global password strategies
jr at qsm.co.il
Fri Apr 8 07:46:41 CDT 2022
I doubt a 64 character Hebrew passphrase is easy to hack. Certainly it would not be included in the several million common passwords database that hackers use.
Mixed directionality could possibly be a problem, depending on how the application handles text. And many applications do allow one to optionally display the password they typed.
From: Unicode <unicode-bounces at corp.unicode.org> On Behalf Of Dominikus Dittes Scherkl via Unicode
Sent: Friday, April 8, 2022 3:24 PM
To: unicode at corp.unicode.org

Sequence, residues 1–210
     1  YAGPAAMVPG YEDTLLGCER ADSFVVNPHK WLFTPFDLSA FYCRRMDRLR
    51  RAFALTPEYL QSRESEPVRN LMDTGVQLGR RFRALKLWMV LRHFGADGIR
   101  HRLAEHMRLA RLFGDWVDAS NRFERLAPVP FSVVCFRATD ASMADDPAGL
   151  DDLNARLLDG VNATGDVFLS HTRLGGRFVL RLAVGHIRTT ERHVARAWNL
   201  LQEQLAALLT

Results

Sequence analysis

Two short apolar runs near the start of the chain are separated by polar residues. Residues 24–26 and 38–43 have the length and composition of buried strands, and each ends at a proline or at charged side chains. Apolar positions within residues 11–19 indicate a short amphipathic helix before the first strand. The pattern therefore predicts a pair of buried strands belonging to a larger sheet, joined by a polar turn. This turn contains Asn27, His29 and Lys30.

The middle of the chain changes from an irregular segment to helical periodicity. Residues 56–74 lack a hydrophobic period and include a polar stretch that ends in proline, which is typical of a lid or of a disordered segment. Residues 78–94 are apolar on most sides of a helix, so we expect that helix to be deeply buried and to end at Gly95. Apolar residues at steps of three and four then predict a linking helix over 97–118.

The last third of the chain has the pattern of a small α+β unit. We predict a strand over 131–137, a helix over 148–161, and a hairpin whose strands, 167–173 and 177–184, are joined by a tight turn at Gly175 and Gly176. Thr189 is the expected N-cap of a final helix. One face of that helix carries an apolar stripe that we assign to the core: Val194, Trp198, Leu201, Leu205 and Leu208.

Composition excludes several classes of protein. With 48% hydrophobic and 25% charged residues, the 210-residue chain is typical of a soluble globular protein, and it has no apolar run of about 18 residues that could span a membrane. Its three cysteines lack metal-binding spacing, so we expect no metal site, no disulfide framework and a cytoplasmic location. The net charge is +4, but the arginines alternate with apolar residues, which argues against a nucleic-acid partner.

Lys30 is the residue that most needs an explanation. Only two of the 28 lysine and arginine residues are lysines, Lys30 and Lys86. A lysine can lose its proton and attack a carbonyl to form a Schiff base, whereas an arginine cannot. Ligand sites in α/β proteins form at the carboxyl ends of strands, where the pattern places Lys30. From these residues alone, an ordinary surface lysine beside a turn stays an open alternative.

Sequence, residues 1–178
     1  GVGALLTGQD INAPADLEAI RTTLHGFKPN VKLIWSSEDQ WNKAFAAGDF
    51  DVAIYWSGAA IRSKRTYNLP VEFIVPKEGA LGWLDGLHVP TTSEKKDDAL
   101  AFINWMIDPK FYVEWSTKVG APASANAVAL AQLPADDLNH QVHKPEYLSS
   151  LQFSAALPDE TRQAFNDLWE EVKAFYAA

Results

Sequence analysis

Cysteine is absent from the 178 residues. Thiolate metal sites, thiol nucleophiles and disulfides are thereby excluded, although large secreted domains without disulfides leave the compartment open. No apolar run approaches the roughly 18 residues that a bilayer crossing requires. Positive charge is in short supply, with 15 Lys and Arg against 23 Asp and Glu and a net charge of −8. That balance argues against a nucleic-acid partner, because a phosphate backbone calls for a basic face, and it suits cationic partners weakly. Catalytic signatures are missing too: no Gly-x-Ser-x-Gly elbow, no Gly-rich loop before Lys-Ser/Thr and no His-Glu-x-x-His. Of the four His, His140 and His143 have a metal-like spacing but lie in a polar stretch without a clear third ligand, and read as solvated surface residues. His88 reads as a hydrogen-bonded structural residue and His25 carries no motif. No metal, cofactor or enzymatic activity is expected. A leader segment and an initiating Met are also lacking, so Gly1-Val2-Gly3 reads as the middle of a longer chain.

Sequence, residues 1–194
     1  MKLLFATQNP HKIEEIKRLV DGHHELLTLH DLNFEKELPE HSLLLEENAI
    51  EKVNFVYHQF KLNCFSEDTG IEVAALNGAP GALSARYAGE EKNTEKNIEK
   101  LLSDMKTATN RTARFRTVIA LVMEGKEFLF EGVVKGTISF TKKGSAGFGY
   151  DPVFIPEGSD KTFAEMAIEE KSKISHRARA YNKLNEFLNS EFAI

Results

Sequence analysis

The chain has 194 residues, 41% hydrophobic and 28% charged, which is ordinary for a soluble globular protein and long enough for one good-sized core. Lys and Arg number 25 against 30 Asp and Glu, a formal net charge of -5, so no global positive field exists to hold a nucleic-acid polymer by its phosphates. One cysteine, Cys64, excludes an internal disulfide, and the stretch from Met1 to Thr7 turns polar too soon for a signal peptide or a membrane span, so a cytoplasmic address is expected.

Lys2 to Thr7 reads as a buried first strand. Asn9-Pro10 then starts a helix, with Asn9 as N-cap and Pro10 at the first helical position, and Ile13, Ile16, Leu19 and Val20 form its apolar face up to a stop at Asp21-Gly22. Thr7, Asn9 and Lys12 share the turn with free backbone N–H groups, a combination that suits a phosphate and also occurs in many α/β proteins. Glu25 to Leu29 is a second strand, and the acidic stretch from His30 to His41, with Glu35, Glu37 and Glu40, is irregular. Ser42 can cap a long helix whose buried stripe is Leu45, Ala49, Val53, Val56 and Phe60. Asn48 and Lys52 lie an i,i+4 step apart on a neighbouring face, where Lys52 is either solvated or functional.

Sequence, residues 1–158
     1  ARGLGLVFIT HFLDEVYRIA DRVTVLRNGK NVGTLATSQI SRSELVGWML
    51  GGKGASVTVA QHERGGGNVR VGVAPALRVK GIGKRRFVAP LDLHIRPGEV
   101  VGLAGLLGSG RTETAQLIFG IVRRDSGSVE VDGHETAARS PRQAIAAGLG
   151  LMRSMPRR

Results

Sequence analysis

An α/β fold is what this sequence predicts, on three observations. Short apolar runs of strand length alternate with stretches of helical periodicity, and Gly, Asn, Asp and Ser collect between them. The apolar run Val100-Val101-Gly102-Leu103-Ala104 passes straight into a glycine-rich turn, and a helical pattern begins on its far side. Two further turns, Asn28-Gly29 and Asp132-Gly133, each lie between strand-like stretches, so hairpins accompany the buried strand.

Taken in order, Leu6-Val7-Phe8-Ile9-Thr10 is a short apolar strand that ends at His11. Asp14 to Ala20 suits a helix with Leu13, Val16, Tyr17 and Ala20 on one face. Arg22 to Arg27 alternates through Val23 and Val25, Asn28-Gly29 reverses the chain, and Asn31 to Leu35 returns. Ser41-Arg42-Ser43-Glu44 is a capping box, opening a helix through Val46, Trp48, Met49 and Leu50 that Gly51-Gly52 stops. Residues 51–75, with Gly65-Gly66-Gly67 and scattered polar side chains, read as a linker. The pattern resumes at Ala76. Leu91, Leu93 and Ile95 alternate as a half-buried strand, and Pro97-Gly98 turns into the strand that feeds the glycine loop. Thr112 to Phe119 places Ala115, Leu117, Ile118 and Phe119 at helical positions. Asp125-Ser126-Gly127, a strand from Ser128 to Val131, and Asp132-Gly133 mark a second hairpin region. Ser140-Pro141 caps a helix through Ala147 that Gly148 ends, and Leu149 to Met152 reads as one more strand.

Cc: Dominikus Dittes Scherkl <lyratelle at gmx.de>
Subject: Re: global password strategies
Am 08.04.22 um 07:57 schrieb Jonathan Rosenne via Unicode:
> Personally, I use Hebrew passwords in systems that allow it. Since my
> passwords are all Hebrew I don’t have directionality concerns.
I won't disclose what scripts I use in my passwords, as that would reduce the security level - I well could only use digits then, which nobody would consider a good idea.
In fact, I would recommend to use characters from different scripts in a password.
But directionality should be no problem at all, as I remember which keys to press in which order. It's not displayed, so why should I care?
But I hope that whatever processing is done to the password to come to its hashed value, it should be always the very same processing, so that the same character sequence will result in the same hash on any device.
Dominikus Dittes Scherkl
More information about the Unicode